Mary Demuth’s Daisy Chain, is the tender coming-of-age story of a hurting boy set in the late 70s. Jed is at the point in his adolescence when questions and confusion out number answers and clarity. When Daisy disappears, 14-year old Jed is left without his best friend. Not only is Daisy missing but, Jed blames himself. As Jed searches for answers regarding Daisy’s disappearance he discovers what it means to be a man and the value of trusted friends and family.
Daisy Chain was my first encounter with Demuth’s writing, and a pleasant one for sure. She creates dramatic descriptions that leave me in awe of her talent. Demuth takes mundane thoughts and conversations and adds the sparkle that makes for entertaining reading. This novel is full of peculiar tidbits. Here are a couple of my favorites: “…Jed scatted the air with a wave of his hand…an aerial Etch A Sketch.” and a few pages later Miss Emory says, “…you’re sticking to me like Elmer’s until I find out.”
Demuth does a tremendous job introducing us to Daisy and developing her personality even though Daisy soon becomes a secondary character. Throughout the book enough details and descriptions are given of Daisy to understand why Jed misses her greatly. I only wish Daisy was a prominent character for more of the book so the reader could enjoy her flamboyant and vibrant personality.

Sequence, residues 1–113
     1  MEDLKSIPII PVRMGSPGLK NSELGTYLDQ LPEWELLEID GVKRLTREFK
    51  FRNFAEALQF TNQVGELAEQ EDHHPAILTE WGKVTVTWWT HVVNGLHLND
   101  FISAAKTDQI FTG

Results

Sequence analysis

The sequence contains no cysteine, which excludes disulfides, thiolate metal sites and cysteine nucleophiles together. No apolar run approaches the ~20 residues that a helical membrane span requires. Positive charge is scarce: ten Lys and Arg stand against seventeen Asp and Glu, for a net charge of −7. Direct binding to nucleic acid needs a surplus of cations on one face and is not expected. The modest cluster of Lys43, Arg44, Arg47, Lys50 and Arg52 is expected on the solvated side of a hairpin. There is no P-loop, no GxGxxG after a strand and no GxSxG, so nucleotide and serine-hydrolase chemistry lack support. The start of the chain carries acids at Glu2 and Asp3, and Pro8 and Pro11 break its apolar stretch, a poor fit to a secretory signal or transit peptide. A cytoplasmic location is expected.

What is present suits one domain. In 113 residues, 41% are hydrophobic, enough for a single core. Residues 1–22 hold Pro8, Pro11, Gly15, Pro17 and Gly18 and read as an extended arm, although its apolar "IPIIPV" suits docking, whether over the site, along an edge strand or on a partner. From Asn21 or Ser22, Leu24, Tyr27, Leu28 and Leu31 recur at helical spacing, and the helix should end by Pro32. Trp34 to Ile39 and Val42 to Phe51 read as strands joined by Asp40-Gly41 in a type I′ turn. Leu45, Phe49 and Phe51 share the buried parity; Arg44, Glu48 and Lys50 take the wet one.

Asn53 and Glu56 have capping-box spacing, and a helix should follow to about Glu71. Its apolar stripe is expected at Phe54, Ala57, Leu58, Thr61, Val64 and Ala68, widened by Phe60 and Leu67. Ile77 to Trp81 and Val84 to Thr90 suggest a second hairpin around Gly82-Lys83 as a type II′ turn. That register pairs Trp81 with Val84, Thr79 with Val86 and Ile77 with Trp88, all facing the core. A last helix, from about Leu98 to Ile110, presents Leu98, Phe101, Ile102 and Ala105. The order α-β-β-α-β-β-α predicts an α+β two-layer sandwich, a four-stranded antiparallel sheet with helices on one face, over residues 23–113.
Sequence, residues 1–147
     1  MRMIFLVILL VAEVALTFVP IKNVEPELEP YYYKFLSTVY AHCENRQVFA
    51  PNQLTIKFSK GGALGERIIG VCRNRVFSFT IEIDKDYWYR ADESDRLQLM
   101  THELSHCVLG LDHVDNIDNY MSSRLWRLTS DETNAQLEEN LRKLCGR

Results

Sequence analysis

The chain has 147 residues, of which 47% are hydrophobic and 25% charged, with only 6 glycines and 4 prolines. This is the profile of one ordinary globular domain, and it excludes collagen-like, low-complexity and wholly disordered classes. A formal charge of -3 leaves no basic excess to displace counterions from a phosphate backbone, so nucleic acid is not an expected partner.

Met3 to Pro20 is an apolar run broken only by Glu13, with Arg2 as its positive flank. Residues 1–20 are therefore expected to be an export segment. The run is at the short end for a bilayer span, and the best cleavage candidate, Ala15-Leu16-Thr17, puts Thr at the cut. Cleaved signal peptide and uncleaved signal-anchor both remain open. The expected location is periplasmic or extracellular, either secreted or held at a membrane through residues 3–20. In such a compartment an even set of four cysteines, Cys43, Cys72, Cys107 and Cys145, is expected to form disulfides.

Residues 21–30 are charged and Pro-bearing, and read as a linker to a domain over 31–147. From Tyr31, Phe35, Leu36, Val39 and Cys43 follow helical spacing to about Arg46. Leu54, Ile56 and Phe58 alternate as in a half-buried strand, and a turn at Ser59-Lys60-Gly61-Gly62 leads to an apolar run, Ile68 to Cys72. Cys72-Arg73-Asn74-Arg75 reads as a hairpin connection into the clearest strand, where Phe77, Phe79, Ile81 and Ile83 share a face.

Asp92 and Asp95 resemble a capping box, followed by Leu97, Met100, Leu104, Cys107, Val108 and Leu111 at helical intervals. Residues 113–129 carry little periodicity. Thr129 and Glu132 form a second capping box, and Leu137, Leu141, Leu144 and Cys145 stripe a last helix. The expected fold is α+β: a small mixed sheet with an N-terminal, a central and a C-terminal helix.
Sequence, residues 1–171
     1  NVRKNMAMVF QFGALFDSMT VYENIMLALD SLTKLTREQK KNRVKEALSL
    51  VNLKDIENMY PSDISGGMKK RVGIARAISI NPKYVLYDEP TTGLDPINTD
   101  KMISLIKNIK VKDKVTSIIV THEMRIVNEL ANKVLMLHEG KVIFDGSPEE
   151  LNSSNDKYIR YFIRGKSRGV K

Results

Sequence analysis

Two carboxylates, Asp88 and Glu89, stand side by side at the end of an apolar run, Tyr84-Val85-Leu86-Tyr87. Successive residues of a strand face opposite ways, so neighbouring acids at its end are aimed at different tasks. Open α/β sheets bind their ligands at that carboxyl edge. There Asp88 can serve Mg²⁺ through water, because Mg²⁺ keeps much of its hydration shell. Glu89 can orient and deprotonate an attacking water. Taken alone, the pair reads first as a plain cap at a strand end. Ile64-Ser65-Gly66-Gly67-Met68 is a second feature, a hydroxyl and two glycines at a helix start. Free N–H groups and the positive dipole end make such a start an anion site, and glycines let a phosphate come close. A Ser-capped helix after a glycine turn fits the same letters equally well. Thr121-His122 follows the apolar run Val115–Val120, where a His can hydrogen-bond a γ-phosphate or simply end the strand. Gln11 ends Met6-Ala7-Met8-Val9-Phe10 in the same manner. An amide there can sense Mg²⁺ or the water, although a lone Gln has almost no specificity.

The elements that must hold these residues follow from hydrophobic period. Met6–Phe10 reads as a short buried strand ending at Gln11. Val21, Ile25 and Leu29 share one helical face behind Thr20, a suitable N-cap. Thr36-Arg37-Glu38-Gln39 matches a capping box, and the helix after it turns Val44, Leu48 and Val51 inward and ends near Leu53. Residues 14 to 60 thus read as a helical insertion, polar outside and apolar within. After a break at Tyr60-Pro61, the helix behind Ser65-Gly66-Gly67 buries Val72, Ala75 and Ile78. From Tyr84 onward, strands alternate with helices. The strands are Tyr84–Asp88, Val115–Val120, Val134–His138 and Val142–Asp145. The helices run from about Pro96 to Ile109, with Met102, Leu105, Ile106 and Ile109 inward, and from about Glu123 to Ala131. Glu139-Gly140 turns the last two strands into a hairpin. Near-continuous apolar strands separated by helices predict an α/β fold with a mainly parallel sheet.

My only nitpick; Demuth left me hanging with the last word. The last page does not give up the answers to my questions, no matter how long I stare. Although, this is a sure way to persuade me to read the sequel. A Slow Burn, the second in the trilogy, was released in November of 2009.
A broad audience will enjoy Daisy Chain. Demuth’s writing style is such that young teens through older adults will enjoy the novel. For those who face struggles beyond their years, you will connect with Jed and his attempt to make peace with his world. For those who lost someone dear at a young age, you will understand Jed’s sorrow and guilt. For those who have ever questioned God, you will relate to Jed’s doubt and distrust.